Why do you use は for Konnichiwa (こんにちは) instead of わ

Hi ! We hope this site helps you! ٩(ˊᗜˋ*)و As an Amazon Associate, we earn from qualifying purchases without additional cost. Click to read more about our Privacy Policy or Affiliate Disclosure

Many people who started learning Japanese are confused when they found out that the famous Japanese greeting, Konnichiwa, is end with は (ha) not わ (wa).


First of all, no it is not a misprinted on your book, it’s truly は.
In fact, you will also find out later on that Konbanwa which means good night, is also end with the exact same .

But Why??

It doesn’t make sense at first, but it’s quite logical if you have learned about Topic marker particle .
In case that you haven’t, we recommend you to read this lessons here Topic Marker particle は.

So… the confusing は is actually a particle. In this case, as a particle, it is read as WA, not HA.

Aha!… But there is no continuation after は…

Yes, because it’s actually the contracted version of the real lengthy sentence!!
They are actually an abbreviation (a lazy version) of a long sentence. “Konnichi wa gokiken ikaga desu ka?” which means “How are you feeling today?”. so the KON NICCHI means “This day” while the は is actually being used as particle in that sentence. In the case of KONBANWA, KON BAN meaning “This night/evening”.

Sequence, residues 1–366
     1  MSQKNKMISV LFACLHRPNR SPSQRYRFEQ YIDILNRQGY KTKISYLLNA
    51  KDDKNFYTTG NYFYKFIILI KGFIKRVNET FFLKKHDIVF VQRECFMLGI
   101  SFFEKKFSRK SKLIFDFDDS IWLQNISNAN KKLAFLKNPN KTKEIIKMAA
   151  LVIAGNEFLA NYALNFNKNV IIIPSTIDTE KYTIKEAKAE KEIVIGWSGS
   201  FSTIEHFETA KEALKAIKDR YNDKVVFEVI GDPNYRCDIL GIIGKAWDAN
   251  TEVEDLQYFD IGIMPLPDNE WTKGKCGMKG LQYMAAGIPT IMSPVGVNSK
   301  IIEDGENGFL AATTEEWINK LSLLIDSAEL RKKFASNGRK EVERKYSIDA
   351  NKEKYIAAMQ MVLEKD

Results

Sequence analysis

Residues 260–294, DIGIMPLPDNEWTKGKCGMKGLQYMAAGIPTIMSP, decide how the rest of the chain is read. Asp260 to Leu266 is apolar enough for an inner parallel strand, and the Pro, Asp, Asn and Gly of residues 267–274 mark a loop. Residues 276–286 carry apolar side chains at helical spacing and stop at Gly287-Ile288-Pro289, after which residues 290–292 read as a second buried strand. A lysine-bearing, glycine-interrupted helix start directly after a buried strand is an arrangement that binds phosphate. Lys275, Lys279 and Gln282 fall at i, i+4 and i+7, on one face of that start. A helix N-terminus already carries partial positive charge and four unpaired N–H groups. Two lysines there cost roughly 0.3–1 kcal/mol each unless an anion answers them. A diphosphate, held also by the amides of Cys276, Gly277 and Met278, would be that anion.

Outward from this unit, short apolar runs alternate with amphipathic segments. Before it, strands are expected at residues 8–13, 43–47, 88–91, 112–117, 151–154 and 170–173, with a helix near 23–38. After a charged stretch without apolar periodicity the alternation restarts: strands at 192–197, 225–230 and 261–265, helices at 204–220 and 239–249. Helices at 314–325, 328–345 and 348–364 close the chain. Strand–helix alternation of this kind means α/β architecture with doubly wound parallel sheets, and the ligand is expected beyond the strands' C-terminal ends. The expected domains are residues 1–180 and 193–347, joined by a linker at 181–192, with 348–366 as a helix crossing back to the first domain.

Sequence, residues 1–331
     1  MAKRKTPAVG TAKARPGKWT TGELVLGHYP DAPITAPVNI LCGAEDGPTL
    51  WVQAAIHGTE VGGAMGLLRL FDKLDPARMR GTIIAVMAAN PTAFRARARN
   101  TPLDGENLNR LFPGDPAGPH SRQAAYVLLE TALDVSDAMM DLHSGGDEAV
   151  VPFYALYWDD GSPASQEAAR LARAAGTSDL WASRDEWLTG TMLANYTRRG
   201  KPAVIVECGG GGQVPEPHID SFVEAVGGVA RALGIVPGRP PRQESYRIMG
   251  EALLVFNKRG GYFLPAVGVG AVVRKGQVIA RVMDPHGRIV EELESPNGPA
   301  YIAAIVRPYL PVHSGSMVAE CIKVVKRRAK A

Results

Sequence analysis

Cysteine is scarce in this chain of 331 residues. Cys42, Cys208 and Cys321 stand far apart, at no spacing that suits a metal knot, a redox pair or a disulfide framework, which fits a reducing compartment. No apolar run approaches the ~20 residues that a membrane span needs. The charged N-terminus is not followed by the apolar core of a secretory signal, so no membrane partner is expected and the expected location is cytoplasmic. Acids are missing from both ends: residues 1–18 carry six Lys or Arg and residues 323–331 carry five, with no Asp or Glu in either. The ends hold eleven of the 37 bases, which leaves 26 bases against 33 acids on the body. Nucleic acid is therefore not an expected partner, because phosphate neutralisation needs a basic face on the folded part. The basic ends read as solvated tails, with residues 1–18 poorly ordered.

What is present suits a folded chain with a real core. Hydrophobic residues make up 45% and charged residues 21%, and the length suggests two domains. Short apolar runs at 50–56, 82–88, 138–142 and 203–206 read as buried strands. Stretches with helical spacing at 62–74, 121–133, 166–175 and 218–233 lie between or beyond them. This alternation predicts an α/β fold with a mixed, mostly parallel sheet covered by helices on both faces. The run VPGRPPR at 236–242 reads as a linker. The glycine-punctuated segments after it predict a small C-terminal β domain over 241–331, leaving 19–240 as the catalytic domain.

Long story short, time passes and the polite long sentence is being abbreviated into just KON NICHI WA and KON BAN WA.Literally, you could say Konnichiwa / Konbanwa is like saying “How is your day/night?”. But in this modern era, the usage has become more or less similar to “Hello/Good Evening/Good night”.

We hope this helps clear things up. For a more complete explanation, you could check this article about why sometimes は is read as WA

Have a great day! 。゚✶ฺ.ヽ(*´∀`*)ノ.✶゚ฺ。 


  1. I was wondering about this the other day, I’m really glad I found this article; but now I’m left wondering as to why some Japanese people do use the “wa” at the end, instead of “ha.” I’ve seen a few videos and some posts where it’s been spelled both ways, so it really baffled me, and still does so a fair bit; would you say they are misspelling it, or is there another reason for them doing so?

Leave a Reply

Your email address will not be published. Required fields are marked *